Addressing Attendance Issues
"We’ve had good results in terms of improving achievement and attendance. Without the insight of attitudinal surveys, some students would probably not have achieved so much. PASS provides us with a good indicator which enables us to put into place preventative measures to support and guide our students."
Linda Cooledge, the assistant head teacher at Ysgol Brynhyfryd in Denbighshire
Attendance is an ongoing challenge faced by many educationalists and, for those pupils who regularly miss class, progress and attainment can be hampered long-term. Changes in thinking and attitudes can sometimes precede changes in behaviour. It is important to recognise that a pupil's attitudes can deteriorate before their attendance does, highlighting the importance of identifying and tackling such an issue early.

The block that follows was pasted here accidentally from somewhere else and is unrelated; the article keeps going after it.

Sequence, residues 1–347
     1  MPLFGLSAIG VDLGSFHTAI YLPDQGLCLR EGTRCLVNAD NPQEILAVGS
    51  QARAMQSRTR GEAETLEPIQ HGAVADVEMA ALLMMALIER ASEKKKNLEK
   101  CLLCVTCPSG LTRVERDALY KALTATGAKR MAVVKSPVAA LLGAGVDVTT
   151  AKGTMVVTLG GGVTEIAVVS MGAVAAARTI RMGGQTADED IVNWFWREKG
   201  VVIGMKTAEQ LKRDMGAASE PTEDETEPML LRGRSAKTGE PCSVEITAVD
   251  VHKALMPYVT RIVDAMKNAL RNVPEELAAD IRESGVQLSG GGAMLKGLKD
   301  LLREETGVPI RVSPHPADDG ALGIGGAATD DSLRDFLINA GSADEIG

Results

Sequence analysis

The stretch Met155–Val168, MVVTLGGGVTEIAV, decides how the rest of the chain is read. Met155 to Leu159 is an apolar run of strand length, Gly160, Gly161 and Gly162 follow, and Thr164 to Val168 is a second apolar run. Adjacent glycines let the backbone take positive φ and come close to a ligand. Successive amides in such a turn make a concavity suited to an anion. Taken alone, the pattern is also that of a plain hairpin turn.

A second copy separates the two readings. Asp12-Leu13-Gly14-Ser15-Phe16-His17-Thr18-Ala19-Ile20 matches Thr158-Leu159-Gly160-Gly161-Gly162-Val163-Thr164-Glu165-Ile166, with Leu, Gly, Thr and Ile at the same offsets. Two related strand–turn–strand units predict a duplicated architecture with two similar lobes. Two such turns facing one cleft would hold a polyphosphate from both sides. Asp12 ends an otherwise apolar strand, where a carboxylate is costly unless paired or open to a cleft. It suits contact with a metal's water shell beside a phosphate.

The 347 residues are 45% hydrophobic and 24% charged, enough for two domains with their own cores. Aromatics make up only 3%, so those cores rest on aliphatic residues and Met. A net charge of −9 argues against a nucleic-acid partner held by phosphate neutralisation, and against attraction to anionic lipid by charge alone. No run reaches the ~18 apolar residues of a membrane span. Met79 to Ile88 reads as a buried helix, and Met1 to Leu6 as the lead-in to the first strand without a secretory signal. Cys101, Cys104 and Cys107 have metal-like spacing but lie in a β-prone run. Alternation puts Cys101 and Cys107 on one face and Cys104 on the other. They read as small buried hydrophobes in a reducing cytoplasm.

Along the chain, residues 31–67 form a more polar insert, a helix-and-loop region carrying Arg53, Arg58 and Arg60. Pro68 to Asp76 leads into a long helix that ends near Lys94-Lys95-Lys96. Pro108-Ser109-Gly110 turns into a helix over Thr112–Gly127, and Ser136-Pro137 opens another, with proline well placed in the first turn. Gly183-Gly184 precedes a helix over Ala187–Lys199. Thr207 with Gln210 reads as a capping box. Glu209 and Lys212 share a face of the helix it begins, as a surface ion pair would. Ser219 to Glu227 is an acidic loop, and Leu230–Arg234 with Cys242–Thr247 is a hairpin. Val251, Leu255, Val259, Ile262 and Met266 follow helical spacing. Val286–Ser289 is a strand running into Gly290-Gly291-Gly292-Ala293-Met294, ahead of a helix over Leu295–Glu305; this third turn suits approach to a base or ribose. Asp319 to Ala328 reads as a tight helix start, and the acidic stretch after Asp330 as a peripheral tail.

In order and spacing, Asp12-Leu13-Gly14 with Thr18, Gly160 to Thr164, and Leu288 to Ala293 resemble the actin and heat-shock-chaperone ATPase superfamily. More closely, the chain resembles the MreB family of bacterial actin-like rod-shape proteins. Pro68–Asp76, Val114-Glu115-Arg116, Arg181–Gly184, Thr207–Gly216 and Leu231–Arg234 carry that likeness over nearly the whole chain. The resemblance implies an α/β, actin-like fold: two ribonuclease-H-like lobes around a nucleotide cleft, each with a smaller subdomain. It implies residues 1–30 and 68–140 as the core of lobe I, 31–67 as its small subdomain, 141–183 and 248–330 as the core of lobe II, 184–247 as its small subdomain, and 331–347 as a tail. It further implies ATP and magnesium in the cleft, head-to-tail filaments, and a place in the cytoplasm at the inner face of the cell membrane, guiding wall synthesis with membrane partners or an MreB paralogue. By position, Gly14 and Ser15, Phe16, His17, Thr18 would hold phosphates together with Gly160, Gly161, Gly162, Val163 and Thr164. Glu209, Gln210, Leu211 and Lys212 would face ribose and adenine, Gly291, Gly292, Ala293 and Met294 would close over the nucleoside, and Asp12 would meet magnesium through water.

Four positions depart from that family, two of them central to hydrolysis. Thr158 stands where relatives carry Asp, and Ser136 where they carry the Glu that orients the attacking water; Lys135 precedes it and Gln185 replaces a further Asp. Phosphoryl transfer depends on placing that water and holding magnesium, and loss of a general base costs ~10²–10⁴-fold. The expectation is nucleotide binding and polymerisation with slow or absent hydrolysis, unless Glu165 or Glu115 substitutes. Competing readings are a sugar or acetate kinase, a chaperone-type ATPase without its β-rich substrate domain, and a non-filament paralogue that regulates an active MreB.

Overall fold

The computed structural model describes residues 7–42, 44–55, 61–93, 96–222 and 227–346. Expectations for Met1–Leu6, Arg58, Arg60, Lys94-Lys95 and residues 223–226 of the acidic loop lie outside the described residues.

PASS provides a direct measure of attitudes to attendance which can be used to explore retention issues. The correlation between student attitudes to attendance and actual attendance in a learning institution 12 months later is 0.9, which offers the possibility of genuine early intervention - identifying students whose attitudes are becoming more negative before the worst happens and reducing the associated risk of withdrawal from the learning setting. As a result, teachers can intercede much earlier to design specific intervention strategies to reduce the likelihood of truancy and school refusal in the future.
PASS can also play an important role in uncovering the causes of school refusal, truancy and low levels of attendance for those pupils who miss class regularly, helping teachers, sometimes working in collaboration with their educational social worker or welfare officer, to design preventative and supportive measures. The overall PASS profile details other factors which may lead to dropout including, for example, a curriculum mismatched to the needs of the student, limited aspiration, low connectedness to the learning environment itself, an inability to engage with lesson content, poor relationships with teaching staff and negative self-worth.